Future Strategies 2 – Genetic Perspectives – Counseling, Screening, Testing, Research, and Intervention
- Pp. 158-176 (19)Gabrielle J. Halpern, Lina Basel-Vanagaite and Lutfi Jaber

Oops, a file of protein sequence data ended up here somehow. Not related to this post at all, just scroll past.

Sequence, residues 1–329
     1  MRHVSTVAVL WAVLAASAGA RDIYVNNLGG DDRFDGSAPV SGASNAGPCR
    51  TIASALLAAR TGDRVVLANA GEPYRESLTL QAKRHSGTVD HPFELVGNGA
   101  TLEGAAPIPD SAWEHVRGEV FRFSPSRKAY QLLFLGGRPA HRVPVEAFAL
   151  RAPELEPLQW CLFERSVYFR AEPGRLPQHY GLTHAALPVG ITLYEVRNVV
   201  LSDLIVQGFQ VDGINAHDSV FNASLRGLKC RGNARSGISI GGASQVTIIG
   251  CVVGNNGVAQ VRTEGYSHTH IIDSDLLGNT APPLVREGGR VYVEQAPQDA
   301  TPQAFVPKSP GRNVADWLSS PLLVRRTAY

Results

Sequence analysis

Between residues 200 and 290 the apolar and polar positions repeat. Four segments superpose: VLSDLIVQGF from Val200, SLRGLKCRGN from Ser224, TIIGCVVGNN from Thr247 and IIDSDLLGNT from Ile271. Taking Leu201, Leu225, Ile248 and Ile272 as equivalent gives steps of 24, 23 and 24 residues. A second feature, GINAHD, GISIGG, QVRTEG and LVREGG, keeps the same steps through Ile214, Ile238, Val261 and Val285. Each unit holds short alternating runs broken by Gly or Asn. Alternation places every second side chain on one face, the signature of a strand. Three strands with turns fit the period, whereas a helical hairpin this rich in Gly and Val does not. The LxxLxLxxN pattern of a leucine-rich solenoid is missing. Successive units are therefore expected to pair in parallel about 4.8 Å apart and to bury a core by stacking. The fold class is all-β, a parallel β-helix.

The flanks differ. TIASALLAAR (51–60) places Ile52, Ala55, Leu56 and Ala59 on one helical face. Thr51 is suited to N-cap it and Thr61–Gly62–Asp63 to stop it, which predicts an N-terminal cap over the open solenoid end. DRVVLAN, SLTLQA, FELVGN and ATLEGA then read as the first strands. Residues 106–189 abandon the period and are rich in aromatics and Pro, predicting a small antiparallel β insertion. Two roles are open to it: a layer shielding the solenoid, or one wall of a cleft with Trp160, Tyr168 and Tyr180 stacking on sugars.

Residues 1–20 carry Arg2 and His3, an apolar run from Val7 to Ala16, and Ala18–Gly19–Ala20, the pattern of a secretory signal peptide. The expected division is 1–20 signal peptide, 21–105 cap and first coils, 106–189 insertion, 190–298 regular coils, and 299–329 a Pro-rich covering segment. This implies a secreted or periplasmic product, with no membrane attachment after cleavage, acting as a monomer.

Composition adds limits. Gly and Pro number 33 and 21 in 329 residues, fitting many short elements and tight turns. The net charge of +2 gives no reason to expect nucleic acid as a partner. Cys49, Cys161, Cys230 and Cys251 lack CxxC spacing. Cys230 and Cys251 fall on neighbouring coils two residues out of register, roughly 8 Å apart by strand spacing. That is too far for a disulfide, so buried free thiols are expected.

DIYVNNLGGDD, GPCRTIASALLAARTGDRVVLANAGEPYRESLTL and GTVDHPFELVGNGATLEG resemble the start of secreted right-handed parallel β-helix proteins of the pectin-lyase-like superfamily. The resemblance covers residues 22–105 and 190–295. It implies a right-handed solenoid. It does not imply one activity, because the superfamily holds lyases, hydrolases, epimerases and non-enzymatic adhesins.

Premarital and preconception genetic counseling are very important in highly consanguineous populations. In many traditional Arab societies, family-oriented genetic counseling offers an excellent approach in the prevention of genetic disorders. In most of the Arab countries, many of the towns and villages are, in effect, closed communities, in which the residents mainly marry within their own community. Within each town or village there can be at least one, and often more, autosomal recessive disease(s) that is/are exclusive to the residents of that specific location. Identifying the molecular basis of these diseases can enable genetic counseling and genetic screening, and therefore may greatly reduce the number of affected infants born. Methods used to identify the genes responsible for causing specific diseases include sequencing of specific genes, linkage analysis, homozygosity mapping and exome sequencing. Homozygosity mapping aims to identify the candidate region in which the causative gene is situated. Next generation sequencing techniques include exome sequencing; this focuses on only the protein-coding portion of the genome and is a powerful and costeffective method for elucidating the genetic basis of Mendelian disorders with hitherto unknown etiology. Once the causative gene for a specific disease has been identified, prenatal diagnosis by mutation testing in CVS or amniocytes can be carried out and termination of pregnancy offered in the case of an affected fetus. Preimplantation genetic diagnosis is described; this is a technique used to analyze embryos genetically before their transfer into the uterus in order to enable only unaffected embryos to be transferred.